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When is a package a package?

‘Preferences by Pan Pacific‘ is a new ‘package’ from the Singapore-based hotel company. But is it truly a package? With Preferences by Pan Pacific, guests get to design their own experience. Valid until 1st January 2009, guests have a choice of accommodation, a guaranteed late check-out and a choice of one of the following preferences: daily complimentary breakfast for two; complimentary high speed Internet access; dining credit of $25.00 per night; exclusive hotel or resort preference; or 50% savings on second booked room.   Is it me or is this not really a package when you’re choosing what you want yourself?

Paul Johnson

Paul Johnson is Editor of A Luxury Travel Blog and has worked in the travel industry for more than 30 years. He is Winner of the Innovations in Travel ‘Best Travel Influencer’ Award from WIRED magazine. In addition to other awards, the blog has also been voted “one of the world’s best travel blogs” and “best for luxury” by The Daily Telegraph.

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  1. It seems like they are trying to imitate what Gramercy Park Hotel, or any other hotel in matter that Ian Shrager(?) is involved in. I have to completely agree with you that its just not a package.

  2. I agree with you, Paul. There is also an overuse of the word “experience”. I can’t see how anyone is creating an experience out of the options you outlined in your post. Luxury today is about helping people create unique stories. As Brian pointed out, this story is commonplace. Luxury packages need to help guests tell great stories of their experience. There is a lot of great packaging going on in the luxury market today and thank you for helping us tell our unique stories.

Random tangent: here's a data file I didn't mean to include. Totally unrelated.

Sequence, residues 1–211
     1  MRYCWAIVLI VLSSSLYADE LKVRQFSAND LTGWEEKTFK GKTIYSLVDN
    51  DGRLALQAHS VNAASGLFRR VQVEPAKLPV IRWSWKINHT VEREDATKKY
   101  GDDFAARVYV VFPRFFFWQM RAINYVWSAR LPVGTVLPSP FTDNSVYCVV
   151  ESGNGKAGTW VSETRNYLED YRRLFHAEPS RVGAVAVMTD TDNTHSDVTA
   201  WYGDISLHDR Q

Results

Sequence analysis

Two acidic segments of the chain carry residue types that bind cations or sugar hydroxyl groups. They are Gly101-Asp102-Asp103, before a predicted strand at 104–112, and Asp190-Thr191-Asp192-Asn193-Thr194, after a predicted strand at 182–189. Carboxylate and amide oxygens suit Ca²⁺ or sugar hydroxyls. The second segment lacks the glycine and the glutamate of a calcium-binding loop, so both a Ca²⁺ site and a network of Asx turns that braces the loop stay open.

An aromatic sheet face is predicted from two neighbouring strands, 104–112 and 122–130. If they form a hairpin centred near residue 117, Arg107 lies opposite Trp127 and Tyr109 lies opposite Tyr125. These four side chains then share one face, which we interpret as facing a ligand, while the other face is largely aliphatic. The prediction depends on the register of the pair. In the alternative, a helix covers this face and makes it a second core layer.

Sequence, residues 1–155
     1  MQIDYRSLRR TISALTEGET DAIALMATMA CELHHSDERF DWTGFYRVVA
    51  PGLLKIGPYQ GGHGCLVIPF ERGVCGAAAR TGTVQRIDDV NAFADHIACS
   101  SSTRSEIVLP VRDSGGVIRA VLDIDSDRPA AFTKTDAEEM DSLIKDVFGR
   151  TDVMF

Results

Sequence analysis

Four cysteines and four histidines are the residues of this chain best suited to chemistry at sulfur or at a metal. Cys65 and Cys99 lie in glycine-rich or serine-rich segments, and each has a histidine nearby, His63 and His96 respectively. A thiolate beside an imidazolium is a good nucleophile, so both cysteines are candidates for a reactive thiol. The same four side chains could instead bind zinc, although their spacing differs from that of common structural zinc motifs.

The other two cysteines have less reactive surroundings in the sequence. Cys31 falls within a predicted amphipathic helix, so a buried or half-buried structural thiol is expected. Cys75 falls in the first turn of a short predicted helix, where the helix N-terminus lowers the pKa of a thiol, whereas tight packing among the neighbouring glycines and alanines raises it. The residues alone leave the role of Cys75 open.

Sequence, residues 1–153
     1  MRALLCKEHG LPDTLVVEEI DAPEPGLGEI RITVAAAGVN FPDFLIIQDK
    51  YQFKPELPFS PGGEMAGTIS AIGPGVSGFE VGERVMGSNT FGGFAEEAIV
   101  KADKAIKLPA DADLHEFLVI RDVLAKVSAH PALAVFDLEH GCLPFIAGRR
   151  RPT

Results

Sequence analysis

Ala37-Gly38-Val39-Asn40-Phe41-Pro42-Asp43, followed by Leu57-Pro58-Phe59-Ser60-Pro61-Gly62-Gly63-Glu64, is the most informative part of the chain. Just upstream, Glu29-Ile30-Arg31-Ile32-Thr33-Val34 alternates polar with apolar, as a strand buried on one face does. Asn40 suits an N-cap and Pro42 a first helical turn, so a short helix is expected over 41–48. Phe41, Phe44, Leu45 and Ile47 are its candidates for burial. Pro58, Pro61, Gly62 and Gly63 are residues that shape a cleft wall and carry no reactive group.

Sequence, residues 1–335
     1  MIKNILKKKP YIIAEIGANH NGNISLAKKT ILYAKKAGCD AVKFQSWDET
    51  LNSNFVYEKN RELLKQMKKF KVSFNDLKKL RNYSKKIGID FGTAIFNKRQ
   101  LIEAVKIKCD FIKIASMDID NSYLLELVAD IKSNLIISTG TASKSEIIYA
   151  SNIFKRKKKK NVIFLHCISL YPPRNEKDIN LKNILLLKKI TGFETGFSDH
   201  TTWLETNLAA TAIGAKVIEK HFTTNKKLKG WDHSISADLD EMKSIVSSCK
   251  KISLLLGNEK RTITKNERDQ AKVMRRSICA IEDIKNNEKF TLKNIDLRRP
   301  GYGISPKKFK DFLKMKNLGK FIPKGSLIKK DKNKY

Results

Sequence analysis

Best regards,


  3. I agree too. It sounds more like a tailor-made holiday than a straightforward package. On most package deals you get herded like sheep through the, ‘It’s Monday so you must do xyz’ kind of thing.

    Mind you, these Pic-n-Mix type of holiday offerings seem to be becoming more common. We were interested in a holiday to Beijing and to the Great Wall, and were offered holidays tailored to our own needs/wants.

    The trouble was, though, that the travel agency rep. could not get it into her head that we didn’t want to visit jewellery factories. She kept scheduling in such visits for us – even after dinner! – despite us saying we didn’t want them on our itinerary at all. We were getting nowhere with this plan so in the end we declined to book.

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